Earlier this week, the American College of Obstetricians and Gynecologists posted a survey, Complications Related to Home Delivery, at its website. The survey, designed for OB/GYNs, has raised the hackles of home birth and midwifery advocates, who question the intent of the survey and limitations inherent in the design.
In the introduction to the survey, ACOG explains:
The American College of Obstetricians and Gynecologists is concerned that recent increases in elective home delivery will result in an increased complication and morbidity rate. Recent reports to the office indicate our members are being called in to handle these emergencies and in some instances have been named in legal proceedings. To attempt to determine the extent of the problem, a registry of these cases will be maintained at ACOG on a year-by-year basis.
The intro language strongly suggests that the organization is looking for bad examples (an “increased complication and morbidity rate”) to use in defending its stance against home birth. While OB/GYNs were asked to complete the survey “even if there was no adverse outcome,” I wonder how many would bother to fill out the form when the stated purpose is to “determine the extent of the problem.”
In addition, I have concerns about the type of information collected by the survey. The survey was initially viewable and completable by the public – a is available, and makes apparent that it included no identifying data that could be used to follow-up with the person reporting the cases or to confirm that the person completing the survey is actually an OB/GYN. There was (and is) no way to confirm or examine the details of any case, unlike real registries of patient data and outcomes.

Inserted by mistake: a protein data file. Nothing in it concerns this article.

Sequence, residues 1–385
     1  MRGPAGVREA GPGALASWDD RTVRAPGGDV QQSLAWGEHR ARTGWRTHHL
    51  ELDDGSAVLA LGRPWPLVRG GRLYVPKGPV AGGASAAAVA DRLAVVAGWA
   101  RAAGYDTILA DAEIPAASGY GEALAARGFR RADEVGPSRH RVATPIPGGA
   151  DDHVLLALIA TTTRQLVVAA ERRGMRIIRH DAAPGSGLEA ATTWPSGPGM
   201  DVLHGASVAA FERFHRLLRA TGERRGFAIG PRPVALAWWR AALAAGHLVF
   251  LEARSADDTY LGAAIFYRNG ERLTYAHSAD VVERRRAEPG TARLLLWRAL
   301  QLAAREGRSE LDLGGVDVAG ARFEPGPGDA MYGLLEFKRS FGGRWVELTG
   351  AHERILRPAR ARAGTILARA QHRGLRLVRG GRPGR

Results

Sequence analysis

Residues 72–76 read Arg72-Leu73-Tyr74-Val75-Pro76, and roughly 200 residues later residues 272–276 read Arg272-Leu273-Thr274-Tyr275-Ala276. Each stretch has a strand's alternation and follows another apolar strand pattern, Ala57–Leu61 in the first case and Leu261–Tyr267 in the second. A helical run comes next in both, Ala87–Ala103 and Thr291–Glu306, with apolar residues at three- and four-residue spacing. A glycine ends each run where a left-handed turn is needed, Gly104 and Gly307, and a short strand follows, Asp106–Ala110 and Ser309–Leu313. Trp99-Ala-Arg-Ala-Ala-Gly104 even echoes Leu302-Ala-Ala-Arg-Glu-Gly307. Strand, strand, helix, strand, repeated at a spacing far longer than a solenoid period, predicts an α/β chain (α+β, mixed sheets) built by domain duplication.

The survey is still available, but is now behind password protection to limit it to ACOG members. Of course, even behind password protection, this is not a random sample of OB/GYNs capable of determining how often these providers encounter home birth transfers – it now excludes OB/GYNs who are not members, and would include information only from those providers who were motivated enough to respond.
Such a survey can produce anecdotes about provider experiences, but is unlikely to add much to the knowledge base about home birth and transfers in the absence of read comprehensive data collection – it’s simply not a well-executed scientific survey. As a [PDF] notes, some suspect that the submitted stories – likely to represent the worst outcomes of home birth – are intended to be used by ACOG “to support its ongoing state and federal lobbying campaigns aimed at denying women access to out-of-hospital maternity care and Certified Professional Midwives.”
In response, home birth advocates – acting via Facebook, blogs, Twitter, and the like – encouraged the submission of positive home birth stories to the site before it was password-protected. provides an example of one of the calls that was going around, which includes the express intent to force the survey into the members-only area of the site.
On a related note, am I the only one who thought of pizza given the repeated “home delivery” language ACOG used? Think that tells us anything about the organizational perspective on birth?